My First Taste of Onya Japanese Noodles
I was pretty excited when the company that owns Beard Papa announced that they would be bringing the Onya Japanese Noodle chain to the US. Admittedly I’ve never been to Osaka, so I’m not really the best person to confirm or refute their claim of being the very first udon spot in New York City to offer freshly made Osaka style udon… but it sounded good enough! And unlike Udon West, which is just a block away on 46th btw. Lex+3rd, their menu seems far less interested in dumbing things down for the Western customer.
I have to admit, my first trip to Onya was not exactly ideal. I had seen their menu before going, and that menu had photos of each of the items- but you’d be surprised how unhelpful those photos can be to a first time Udon eater (udon from generic delis doesn’t count.)
To make matters worse, I completely missed the giant poster in the front of the store explaining what each of the soups were. (A highly recommended read for the udon virgins.)
Thankfully they were offering a Grand Opening Special… order any size bukkake udon, and get one free tempura topping. Well, that made my choice easier! I think I have heard of bukkake [nsfw], but have never had bukkake Udon before… but whatever. Free tempura!
I went with the medium size, so I could order more tempura- which cost $1 each as add ons to any soup, provided you order at least two (done and done.) I went with the shrimp (big money item, that’s how I do it!), eggplant, and veggie thingy. I was there kind of late in the day, so the tempura was on the cold side- but whatever. It’s still good! And considering that the same tempura costs twice as much at a place like Chiyoda Sushi, I ain’t complaining.
The bukkake was interesting, but less bowl of soup than noodles with a small amount of broth at the bottom. It came topped with grated daikon, shredded seaweed and scallions, and the combo of all the flavors was clean, and delicious. But if you’re looking for a big bowl of soup, this is not it.
For that you’ll have to go with the Sanuki Kake Udon, which I tried on my second visit (after reading the descriptions this time.) Once again I went with the medium, so that I could add three pieces of tempura to my order without going over the Midtown Lunch price limit. The broth was salty, and flavorful, and while not a revelation- it was a good bowl of soup for $5. Clearly the selling point is the noodles which are perfectly chewy- and a welcome contrast to the completely overcooked mushy udon you get at all the delis in Midtown that dare to offer “udon”.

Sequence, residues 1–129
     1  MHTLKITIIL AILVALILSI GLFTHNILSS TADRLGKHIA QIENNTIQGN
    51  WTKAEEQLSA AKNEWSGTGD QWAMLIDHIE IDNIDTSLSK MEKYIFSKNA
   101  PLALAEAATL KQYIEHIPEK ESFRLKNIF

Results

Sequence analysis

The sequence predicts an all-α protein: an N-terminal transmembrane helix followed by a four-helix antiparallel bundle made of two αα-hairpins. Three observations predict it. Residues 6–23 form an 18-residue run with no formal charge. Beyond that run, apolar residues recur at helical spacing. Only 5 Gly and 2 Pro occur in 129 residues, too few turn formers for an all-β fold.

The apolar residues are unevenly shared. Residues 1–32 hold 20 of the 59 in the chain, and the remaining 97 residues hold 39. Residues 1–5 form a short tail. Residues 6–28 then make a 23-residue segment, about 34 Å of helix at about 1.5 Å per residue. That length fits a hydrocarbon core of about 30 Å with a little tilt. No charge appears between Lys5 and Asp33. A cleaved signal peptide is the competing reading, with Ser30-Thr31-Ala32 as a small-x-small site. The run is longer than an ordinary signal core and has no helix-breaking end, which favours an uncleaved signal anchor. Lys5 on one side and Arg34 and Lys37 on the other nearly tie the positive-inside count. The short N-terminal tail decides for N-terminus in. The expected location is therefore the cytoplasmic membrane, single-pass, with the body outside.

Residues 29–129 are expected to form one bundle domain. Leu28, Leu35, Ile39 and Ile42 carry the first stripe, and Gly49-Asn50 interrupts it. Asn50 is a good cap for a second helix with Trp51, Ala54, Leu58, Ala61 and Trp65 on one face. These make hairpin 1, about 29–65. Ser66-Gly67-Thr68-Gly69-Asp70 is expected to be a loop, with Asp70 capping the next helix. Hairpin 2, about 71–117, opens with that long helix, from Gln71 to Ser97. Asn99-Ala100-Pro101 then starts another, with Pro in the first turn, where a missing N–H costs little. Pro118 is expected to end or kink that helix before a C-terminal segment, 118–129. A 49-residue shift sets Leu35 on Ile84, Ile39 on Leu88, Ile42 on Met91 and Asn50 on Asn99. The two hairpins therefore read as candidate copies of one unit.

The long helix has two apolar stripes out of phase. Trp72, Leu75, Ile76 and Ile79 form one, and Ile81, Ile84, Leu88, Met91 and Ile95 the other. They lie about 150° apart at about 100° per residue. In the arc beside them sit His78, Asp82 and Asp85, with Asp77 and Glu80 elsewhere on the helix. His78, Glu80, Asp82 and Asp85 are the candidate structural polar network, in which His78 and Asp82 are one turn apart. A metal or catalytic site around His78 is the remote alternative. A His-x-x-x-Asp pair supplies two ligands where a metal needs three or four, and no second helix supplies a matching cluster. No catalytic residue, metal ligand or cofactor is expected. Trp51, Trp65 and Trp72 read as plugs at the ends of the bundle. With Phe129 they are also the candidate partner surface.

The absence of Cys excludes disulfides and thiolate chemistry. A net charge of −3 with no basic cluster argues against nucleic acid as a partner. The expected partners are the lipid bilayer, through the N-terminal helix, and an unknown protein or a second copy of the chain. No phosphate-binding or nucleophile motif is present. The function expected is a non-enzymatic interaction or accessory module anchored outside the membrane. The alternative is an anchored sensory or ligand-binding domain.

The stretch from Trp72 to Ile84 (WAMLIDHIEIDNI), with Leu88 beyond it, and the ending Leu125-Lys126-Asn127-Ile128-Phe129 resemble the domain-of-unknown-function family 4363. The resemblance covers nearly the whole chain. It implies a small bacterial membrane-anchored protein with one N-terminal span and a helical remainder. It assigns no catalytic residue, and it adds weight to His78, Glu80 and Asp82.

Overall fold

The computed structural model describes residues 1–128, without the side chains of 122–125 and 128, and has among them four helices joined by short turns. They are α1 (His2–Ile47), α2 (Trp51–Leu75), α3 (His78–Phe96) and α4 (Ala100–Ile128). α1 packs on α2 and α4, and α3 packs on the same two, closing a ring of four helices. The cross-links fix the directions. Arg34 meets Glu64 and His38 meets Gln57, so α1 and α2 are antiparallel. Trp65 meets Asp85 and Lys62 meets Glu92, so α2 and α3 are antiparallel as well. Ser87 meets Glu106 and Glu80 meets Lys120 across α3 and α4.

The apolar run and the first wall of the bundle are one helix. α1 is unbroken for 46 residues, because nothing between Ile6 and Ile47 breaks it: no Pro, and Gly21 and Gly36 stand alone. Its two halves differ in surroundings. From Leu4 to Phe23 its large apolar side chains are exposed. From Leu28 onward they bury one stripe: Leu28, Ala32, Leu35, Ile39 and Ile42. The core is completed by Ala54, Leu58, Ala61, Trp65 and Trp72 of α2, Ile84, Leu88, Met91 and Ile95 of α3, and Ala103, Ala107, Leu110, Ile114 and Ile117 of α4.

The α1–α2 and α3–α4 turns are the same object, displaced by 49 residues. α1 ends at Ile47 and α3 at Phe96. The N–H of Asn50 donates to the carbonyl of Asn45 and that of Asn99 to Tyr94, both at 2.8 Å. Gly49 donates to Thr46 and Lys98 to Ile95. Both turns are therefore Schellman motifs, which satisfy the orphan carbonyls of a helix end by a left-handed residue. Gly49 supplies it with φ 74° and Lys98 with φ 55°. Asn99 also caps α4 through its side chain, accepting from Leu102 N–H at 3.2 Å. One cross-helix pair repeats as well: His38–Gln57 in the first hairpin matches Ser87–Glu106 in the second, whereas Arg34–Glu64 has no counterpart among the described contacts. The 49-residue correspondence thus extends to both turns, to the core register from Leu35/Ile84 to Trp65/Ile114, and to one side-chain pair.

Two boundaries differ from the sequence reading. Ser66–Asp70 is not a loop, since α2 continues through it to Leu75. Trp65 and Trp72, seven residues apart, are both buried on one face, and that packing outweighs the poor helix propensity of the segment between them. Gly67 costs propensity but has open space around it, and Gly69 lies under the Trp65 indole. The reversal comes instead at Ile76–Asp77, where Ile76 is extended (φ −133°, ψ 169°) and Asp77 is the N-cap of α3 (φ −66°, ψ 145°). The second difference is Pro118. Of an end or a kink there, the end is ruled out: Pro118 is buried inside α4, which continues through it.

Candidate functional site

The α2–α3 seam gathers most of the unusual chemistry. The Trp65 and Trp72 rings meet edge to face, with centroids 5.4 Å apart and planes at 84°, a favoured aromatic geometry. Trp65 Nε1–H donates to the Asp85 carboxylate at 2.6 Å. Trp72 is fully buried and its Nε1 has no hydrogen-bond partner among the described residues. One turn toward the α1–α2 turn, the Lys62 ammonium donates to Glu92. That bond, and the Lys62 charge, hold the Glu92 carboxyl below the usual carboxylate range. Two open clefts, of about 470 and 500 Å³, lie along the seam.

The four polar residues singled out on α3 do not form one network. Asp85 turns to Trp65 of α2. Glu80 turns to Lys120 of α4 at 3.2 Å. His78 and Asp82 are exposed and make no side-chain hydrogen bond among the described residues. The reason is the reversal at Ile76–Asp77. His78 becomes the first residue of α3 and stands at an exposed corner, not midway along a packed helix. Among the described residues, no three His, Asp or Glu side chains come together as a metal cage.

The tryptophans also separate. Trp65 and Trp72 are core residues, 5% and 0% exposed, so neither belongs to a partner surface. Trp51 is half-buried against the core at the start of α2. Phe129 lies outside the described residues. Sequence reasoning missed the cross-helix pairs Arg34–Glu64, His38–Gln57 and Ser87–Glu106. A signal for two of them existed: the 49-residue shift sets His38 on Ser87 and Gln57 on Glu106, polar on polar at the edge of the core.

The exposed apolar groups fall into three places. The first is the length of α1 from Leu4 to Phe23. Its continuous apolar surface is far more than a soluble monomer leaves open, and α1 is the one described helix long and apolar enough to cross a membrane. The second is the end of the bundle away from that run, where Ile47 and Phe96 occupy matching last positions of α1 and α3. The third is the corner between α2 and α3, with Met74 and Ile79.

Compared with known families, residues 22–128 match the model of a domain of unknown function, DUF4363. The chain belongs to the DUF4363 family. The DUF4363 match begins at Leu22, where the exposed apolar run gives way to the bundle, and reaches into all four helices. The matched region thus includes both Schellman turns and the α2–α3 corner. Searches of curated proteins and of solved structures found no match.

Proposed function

Once again I got there on the late side, so the tempura was cold- but I’m sure the chicken, squid, and pumpkin taste far better if you get there before 1pm. (Although if you can’t decide, the first three I tried were much better than these three.)
They also have a little station between the check out and the seating area where you can add hot pepper and tempura crunchies to your soup! (Who doesn’t like tempura crunchies???)
I can’t say for sure if the udon at Onya is better than the version at Udon West, but I like the concept better. I will always take ordering at a counter over ordering from a waiter (save on tip!), and Onya has their assembly line down pretty well at this point. And there’s a great seating area in the back- although it probably fills up pretty quick during peak lunch times. But what I like the most is that you have a lot of options to customizing the size of your lunch.
You have three options for bowl size… the small (who the hell would order this?!?), the medium (decent size if you plan on adding on a ton of tempura), and the large (a normal size bowl of soup.)
And the whole tempura thing just puts it over the top. I love the variety of options, and the fact that you can add as many as you want to your order piece by piece.
I think I’ll need to go back and try the curry udon and the beef udon before giving this place the full +/- but I will say this… if you are looking for a ramen style of soup, filled with all sorts of meat and goodies- this is probably not the place for you. The soups are pretty minimalist, and more about the noodles than anything else. Plus ordering the versions with meat get this place dangerously close to not being a Midtown Lunch. In fact, even though the menu looks cheap enough… I can see how lunch could get expensive trying to replicate the amount of food you get at a Midtown ramen joint.
Of course this is udon, not ramen… and if you’re down with udon, I would recommend checking it out. Can any Osaka udon specialists weigh in on how close this comes to the cheap versions of udon you can get in Japan? Put your thoughts in the comments…
Onya, 143 East 47th St. (btw. Lex+3rd) 212-715-0460